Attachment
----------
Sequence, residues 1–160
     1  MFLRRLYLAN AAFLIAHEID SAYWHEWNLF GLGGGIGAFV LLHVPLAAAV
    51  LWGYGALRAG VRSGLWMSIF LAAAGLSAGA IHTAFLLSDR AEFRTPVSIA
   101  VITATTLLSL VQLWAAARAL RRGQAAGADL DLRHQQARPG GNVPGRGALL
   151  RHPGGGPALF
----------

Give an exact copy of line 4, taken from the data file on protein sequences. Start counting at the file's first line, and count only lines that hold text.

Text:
   101  VITATTLLSL VQLWAAARAL RRGQAAGADL DLRHQQARPG GNVPGRGALL